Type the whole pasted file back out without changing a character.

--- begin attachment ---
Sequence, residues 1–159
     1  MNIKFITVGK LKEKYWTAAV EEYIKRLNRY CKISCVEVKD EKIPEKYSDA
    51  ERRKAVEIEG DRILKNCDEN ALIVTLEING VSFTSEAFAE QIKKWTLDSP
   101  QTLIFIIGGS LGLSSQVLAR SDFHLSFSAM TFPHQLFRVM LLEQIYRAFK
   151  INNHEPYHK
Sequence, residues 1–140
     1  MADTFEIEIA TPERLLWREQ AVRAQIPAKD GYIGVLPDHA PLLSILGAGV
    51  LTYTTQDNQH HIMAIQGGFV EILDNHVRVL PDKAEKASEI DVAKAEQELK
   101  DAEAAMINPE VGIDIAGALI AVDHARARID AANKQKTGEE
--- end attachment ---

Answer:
Sequence, residues 1–159
     1  MNIKFITVGK LKEKYWTAAV EEYIKRLNRY CKISCVEVKD EKIPEKYSDA
    51  ERRKAVEIEG DRILKNCDEN ALIVTLEING VSFTSEAFAE QIKKWTLDSP
   101  QTLIFIIGGS LGLSSQVLAR SDFHLSFSAM TFPHQLFRVM LLEQIYRAFK
   151  INNHEPYHK
Sequence, residues 1–140
     1  MADTFEIEIA TPERLLWREQ AVRAQIPAKD GYIGVLPDHA PLLSILGAGV
    51  LTYTTQDNQH HIMAIQGGFV EILDNHVRVL PDKAEKASEI DVAKAEQELK
   101  DAEAAMINPE VGIDIAGALI AVDHARARID AANKQKTGEE